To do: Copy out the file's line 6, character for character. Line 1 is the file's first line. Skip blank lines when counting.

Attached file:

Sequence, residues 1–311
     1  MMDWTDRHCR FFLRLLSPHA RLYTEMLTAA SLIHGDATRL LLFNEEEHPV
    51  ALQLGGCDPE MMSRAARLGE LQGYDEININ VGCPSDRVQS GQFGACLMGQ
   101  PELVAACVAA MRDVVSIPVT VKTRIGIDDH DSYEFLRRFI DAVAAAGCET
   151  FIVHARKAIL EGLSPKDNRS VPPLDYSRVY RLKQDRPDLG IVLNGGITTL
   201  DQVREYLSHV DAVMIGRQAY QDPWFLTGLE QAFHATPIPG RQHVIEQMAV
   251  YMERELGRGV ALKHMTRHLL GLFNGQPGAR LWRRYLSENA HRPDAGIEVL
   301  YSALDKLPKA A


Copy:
   201  DQVREYLSHV DAVMIGRQAY QDPWFLTGLE QAFHATPIPG RQHVIEQMAV